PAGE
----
FARMINGTON — As the Davis School District continues to see an increase in positive cases of COVID-19, the district’s Board of Education on Tuesday adopted a plan for school closures in the case of an outbreak.
Davis is the second largest district in the state, according to numbers from the Utah State Board of Education. It also, as of Tuesday, had the second highest number of active COVID-19 cases in the state with 165.
Assistant Superintendent John Zurbuchen proposed that the district follow the guidelines laid out in the USBE’s COVID-19 School Manual, which recommends that students and teachers in a classroom with three or more active cases and students and staff in a school with 15 or more active cases are placed in quarantine for two weeks.
As of Monday, according to the district’s COVID-19 dashboard, Viewmont High School had 15 active cases of the virus. According to district spokesperson Christopher Williams, however, the school is not subject to closure because the school is on a hybrid schedule, meaning that not all students are in the school at the same time.
“When students aren’t in school, they participate in remote at-home learning.” Williams said. “The hybrid schedule basically separates the school into two student bodies.”
Zurbuchen said under the proposed plan, the district would notify parents of students in a class or school setting that met the case threshold as soon as it was aware of the case count. Those students would stay home from school and learn virtually for the next 14 days, with the first day of quarantine serving as a preparation day for teachers.
While Zurbuchen acknowledged moving to virtual learning less than 24 hours after learning of an outbreak may be short notice for parents, he said it’s necessary for the health of students.
“The school is having a COVID outbreak,” he said. “It is in a public health crisis mode, and waiting doesn’t serve that public health crisis.”
When an elementary or junior high school faces an outbreak, all before- and after-school activities will be canceled. For high schools, however, any activities recognized by the Utah High School Activities Association will be permitted to continue, unless that organization is suffering an outbreak of its own.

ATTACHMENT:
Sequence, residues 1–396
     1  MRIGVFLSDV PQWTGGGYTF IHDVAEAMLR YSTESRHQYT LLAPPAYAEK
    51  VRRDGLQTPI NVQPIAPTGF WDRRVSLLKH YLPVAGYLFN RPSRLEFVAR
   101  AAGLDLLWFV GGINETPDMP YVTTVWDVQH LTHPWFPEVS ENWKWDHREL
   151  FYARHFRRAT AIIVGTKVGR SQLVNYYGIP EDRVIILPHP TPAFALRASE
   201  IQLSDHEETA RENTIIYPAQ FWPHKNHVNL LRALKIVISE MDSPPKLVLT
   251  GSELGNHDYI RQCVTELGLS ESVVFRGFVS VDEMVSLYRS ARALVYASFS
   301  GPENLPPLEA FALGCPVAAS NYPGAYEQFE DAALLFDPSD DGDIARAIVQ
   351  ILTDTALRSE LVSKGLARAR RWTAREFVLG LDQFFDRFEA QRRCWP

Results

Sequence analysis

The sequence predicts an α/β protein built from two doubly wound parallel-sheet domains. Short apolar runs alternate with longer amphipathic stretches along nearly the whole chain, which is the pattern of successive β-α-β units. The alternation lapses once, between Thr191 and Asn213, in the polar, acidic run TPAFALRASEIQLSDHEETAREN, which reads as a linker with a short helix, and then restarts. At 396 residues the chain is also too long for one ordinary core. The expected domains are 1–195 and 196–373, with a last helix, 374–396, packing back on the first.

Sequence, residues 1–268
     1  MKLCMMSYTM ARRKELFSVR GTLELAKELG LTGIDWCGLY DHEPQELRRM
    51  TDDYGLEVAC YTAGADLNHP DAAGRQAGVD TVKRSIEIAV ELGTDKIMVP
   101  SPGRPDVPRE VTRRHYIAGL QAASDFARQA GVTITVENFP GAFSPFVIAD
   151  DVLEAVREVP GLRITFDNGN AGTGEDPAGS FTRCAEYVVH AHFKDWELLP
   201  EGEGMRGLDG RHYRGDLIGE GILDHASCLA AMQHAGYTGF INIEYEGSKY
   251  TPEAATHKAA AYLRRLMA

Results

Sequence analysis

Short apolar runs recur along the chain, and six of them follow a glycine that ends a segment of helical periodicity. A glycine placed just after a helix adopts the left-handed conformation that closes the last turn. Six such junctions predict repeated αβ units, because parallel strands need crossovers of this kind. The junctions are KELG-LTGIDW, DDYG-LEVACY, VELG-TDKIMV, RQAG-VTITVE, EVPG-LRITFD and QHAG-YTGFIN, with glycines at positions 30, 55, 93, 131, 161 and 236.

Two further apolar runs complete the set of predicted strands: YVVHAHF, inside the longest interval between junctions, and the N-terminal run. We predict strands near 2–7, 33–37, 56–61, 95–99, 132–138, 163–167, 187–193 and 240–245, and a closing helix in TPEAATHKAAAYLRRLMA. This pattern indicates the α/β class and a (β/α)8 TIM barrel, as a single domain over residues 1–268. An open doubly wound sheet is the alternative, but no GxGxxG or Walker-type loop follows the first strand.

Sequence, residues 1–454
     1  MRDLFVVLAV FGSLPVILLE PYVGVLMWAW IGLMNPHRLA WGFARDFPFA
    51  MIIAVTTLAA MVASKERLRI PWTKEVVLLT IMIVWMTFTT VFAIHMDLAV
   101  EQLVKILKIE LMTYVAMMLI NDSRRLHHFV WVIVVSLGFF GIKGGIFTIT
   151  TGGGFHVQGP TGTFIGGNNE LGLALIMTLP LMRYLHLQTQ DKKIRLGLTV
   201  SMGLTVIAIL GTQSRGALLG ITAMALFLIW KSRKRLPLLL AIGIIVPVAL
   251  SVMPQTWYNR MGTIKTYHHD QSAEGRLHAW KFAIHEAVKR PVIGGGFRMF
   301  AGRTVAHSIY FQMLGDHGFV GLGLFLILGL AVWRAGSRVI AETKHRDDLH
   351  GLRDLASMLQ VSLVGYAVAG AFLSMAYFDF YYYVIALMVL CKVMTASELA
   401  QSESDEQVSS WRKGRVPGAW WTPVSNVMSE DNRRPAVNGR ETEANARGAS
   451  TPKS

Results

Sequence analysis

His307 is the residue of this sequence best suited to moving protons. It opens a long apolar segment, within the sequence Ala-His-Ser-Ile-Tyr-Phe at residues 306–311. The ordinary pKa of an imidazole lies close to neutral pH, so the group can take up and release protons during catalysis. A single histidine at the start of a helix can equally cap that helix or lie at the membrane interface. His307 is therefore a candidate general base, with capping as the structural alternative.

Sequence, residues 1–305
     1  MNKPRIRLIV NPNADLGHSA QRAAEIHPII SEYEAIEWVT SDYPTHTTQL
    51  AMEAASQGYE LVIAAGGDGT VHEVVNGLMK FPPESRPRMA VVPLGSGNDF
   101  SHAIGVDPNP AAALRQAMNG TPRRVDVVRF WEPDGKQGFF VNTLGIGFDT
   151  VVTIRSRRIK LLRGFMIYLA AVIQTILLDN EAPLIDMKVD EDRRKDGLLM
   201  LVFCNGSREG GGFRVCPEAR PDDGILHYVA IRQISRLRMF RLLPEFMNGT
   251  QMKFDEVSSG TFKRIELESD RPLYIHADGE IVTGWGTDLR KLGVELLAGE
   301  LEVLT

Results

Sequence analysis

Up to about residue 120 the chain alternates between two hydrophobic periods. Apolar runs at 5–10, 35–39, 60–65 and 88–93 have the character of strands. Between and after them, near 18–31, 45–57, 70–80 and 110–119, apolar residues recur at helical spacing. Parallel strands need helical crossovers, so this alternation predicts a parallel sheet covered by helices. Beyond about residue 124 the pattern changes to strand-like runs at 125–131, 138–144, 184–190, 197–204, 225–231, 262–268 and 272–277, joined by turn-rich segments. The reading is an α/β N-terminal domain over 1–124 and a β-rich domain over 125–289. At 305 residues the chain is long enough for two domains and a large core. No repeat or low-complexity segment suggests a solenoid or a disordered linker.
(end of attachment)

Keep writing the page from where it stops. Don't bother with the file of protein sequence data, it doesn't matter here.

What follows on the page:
Noting the vast difference in size between elementary schools, junior high schools and high schools, some board members suggested reducing the 15-case threshold for elementary schools.
“We certainly can divert from (the USBE guideline), but as we divert from that, we put ourselves at the risk of seeming arbitrary in terms of what benchmark we choose and on what basis we make those decisions,” Zurbuchen said.
Since reopening in August on a hybrid schedule, the district has been subject to criticism from a variety of perspectives on its handling of education during the pandemic.
Following parent protests calling on the district to bring students back on a full in-person schedule, the board voted to start elementary schools on a four-day-a-week schedule Sept 28 and transition secondary schools to the schedule on Nov. 2. That decision has been met with backlash from individuals — many of whom are teachers — concerned about a potential increase of COVID-19 cases in schools.
Of the six people allowed to speak during the public comment period on Tuesday, four implored the district to return elementary schools to the hybrid schedule. Among them was Timothy West, a physician at LDS Hospital.
Pointing to the low quarantine numbers the district had at the beginning of the year, he said, “My plea is, if it isn’t broken, please don’t fix it.”
While the board hasn’t indicated whether it will revisit its decision to begin transitioning schools away from the hybrid system, it will discuss whether it will consider lowering the threshold for elementary school closings at its next meeting on Oct. 20. In the interim, it will stick with the guidelines provided by the USBE.